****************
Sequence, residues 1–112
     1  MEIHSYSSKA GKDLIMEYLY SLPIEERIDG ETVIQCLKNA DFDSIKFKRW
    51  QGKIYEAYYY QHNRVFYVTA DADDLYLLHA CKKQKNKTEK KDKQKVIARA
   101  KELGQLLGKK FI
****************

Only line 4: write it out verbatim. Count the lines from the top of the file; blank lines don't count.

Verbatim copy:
   101  KELGQLLGKK FI